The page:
LogoTitle Text Search



Set 8017

Republican Romans Princeps & Triari

Click for larger image
All figures are supplied unpainted    (Numbers of each pose in brackets)
Date Released 1999
Contents 48 figures
Poses 8 poses
Material Plastic (Medium Consistency)
Colours Tan
Average Height 23 mm (= 1.66 m)


A quick lesson in Republican Roman infantry types. In battle a Roman front would consist of three lines. At the very front came the hastati - young men of some experience and well armed. Behind them came the principes, men in the prime of life and also well armed, but with more experience. The third line was made up of the triarii, the oldest and most experienced men of all. In front of the line at the start of a battle were the velites, acting like light infantry.

This set of princepes and triarii includes eight figures of infantrymen. It is difficult to distinguish which figures are meant to be which troop type, and indeed in reality the appearance of both types would have been little different. However the armament was very different, with the princepes being armed with two pila and the triarii having a spear (hastae). The pilum was about 120-150 cm long and was a kind of javelin, being thrown at the enemy as they approached. The spear of the triarii was around three metres long during the early Roman Republic period, but gradually shortened to about two metres later in the period. Those moulded here are about two metres long, which makes them little different from the pila.

The triarii spent much of the battle kneeling with left leg forward, shield resting on their left shoulder and spear pointing forwards 'like a palisade' as one Roman historian put it. Therefore the kneeling figure, which is likely to be a triarius, is not quite right. As well as the spear being upright instead of sloping forward, his shield is incorrectly placed, and his being 'held' far below the actual (central) position of the handle. In fact, this shield, which is separate and attaches with a peg, can only be applied hanging some distance off the ground in a very unnatural position. HaT say that this was due to problems with avoiding undercutting during the mould-making process. However the result is still an awkward pose which is a poor reflection of the real thing. The rest of the poses are better, but most are certainly quite flat, with shields and weapons hugging the body in an unnatural way. Also the man about to launch his pilum is doing so directly over the middle of his head, again unnatural but easier for the mould. Two of the figures have already thrown both their pila, and are shown with swords drawn ready for the close-quarter fight. The first of these, in the top row, is a bit strange is he is looking behind him, so presumably is not particularly near any enemy.

All are wearing the mail shirt that seems likely to have been common for most of the Punic wars, particularly amongst these two types of warrior, and several types of helmet are also on show, which again was normal. All carry the scutum, the oval shield made of hide-covered wood, which has been moulded as part of the figure for all except the kneeling man. This has meant some minor compromises in terms of shield position, but most people, and especially wargamers, will be glad it was done this way. Each man wears a greave on the leading (left) leg, held by straps, which is correct. Finally, long feathers are worn in the helmet to exaggerate the man's apparent height. While the appearance of these men was perhaps never entirely uniform, everything here is typical.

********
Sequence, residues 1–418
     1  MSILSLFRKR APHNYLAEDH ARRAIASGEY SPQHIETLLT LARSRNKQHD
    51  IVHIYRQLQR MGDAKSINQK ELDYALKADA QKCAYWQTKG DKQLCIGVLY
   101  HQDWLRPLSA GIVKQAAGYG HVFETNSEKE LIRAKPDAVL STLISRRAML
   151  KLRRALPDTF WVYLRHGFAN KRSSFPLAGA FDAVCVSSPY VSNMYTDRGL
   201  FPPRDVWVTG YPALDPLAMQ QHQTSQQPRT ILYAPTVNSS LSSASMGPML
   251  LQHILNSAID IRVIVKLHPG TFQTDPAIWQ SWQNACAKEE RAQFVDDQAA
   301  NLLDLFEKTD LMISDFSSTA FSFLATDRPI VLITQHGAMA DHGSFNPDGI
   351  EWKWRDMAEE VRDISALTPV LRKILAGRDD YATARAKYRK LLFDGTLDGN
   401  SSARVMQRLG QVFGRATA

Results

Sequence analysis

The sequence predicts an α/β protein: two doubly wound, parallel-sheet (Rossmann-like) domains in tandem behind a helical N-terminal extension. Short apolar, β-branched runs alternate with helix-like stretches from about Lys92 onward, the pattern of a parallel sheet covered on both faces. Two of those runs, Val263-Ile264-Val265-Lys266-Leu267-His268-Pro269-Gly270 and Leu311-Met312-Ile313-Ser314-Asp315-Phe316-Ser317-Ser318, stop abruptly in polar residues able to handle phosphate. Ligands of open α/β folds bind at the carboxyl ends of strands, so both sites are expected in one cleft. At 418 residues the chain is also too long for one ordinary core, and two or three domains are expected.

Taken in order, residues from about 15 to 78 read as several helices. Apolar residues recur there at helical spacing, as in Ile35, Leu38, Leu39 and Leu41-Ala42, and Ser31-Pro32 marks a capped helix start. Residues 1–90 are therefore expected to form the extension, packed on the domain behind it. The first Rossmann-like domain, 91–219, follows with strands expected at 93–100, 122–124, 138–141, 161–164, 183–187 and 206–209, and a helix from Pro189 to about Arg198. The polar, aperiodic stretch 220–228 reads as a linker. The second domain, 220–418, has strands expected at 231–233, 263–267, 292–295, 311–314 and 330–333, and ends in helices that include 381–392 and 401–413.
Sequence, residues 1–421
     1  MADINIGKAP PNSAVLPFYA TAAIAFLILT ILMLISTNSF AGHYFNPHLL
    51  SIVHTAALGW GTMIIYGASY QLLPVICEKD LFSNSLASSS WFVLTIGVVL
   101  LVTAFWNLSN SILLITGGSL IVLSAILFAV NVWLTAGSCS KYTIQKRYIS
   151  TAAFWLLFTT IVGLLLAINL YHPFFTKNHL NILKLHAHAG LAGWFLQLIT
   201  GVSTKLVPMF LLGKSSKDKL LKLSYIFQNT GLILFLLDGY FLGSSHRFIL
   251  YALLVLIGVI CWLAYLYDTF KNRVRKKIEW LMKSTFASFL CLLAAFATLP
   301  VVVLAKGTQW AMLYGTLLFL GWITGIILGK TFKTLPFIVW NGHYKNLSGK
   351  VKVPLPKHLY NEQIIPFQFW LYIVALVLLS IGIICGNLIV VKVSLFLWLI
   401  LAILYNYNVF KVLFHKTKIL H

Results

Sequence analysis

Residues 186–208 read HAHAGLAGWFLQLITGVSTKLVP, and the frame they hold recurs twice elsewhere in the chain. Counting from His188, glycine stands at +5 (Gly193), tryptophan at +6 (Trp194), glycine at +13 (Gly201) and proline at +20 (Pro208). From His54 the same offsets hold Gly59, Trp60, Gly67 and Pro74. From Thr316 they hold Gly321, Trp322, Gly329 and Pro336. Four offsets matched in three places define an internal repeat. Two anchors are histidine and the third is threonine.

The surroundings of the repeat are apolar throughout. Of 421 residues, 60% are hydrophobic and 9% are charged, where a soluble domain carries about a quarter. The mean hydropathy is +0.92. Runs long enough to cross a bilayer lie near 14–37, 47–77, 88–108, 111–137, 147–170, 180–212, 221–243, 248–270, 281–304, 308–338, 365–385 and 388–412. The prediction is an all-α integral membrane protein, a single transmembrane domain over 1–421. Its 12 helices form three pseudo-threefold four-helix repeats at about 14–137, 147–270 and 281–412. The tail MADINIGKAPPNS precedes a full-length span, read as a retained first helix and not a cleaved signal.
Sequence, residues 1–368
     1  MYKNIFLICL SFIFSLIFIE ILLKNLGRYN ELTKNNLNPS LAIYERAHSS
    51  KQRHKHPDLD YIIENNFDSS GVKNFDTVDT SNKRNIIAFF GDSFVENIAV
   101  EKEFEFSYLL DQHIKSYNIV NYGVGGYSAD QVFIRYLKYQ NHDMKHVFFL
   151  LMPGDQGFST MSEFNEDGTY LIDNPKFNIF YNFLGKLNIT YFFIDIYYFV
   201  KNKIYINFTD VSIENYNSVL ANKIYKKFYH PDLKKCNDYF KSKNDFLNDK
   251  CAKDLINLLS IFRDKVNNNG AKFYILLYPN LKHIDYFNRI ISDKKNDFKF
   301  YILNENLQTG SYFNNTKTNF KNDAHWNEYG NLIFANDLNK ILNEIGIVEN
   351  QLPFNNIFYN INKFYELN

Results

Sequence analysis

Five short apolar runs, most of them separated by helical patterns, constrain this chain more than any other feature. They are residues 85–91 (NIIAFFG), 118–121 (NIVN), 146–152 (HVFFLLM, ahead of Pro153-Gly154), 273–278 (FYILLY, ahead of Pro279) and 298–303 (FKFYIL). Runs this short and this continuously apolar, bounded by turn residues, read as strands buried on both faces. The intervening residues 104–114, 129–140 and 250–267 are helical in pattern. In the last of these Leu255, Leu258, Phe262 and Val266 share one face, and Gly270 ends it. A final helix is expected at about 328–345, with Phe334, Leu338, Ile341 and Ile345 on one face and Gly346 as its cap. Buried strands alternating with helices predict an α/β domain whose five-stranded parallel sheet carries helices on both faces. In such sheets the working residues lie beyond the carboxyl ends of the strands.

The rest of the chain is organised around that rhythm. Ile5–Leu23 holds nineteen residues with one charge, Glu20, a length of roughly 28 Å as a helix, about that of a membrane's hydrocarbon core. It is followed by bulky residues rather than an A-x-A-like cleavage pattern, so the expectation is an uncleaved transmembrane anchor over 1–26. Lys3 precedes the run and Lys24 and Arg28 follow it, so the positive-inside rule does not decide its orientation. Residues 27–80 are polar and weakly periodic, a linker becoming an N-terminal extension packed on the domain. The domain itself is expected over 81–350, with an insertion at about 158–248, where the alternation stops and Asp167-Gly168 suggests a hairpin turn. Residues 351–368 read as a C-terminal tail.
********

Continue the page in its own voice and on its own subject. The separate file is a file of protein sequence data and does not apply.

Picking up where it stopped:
Detail is fair on these figures, though there is some flash to be removed. We have already mentioned the flat poses, but the texture of the mail armour is very good. The weapons could have done with better definition, but otherwise most will find these acceptable.

A reasonable set that will form the backbone of any Punic Roman army, this was the first to depict such men. Poses could have been more rounded, and some of the men should have been carrying both the pila with which they would have started the battle, but while not the best set of figures ever made they do provide a very usable collection for the defining conflict of the early Roman republic.


Historical Accuracy 9
Pose Quality 7
Pose Number 5
Sculpting 8
Mould 8

Further Reading
"1.000 Años de Ejercitos en España" - Almena (Guerreros Y Batallas Series No.1) - José A Alcaide
"Ancient Armies" - Concord - Tim Newark and Angus McBride - 9789623616461
"Armies of the Carthaginian Wars 265-146 BC" - Osprey (Men-at-Arms Series No.121) - Terence Wise - 9780850454307
"Armies of the Macedonian and Punic Wars" - Wargames Research Group - Duncan Head - 9780950029948
"Cannae 216 BC" - Osprey (Campaign Series No.36) - Mark Healy - 9781855324701
"Cartago Contra Roma" - Almena (Guerreros Y Batallas Series No.32) - Rubén Sáez
"Fighting Techniques of the Ancient World" - Greenhill - Simon Anglim - 9781853675225
"Greece and Rome at War" - Greenhill - Peter Connolly - 9781853673030
"Republican Roman Army 200-104BC" - Osprey (Men-at-Arms Series No.291) - Nick Sekunda - 9781855325982
"Roman Republican Legionary 298-105 BC" - Osprey (Warrior Series No.162) - Nic Fields - 9781849087810
"The Complete Roman Army" - Thames & Hudson - Adrian Goldsworthy - 9780500051245
"The Roman Legions Recreated in Colour Photographs" - Crowood Press (Europa Militaria Special Series No.2) - Daniel Peterson - 9781861262646

Site content © 2002, 2009. All rights reserved. Manufacturer logos and trademarks acknowledged.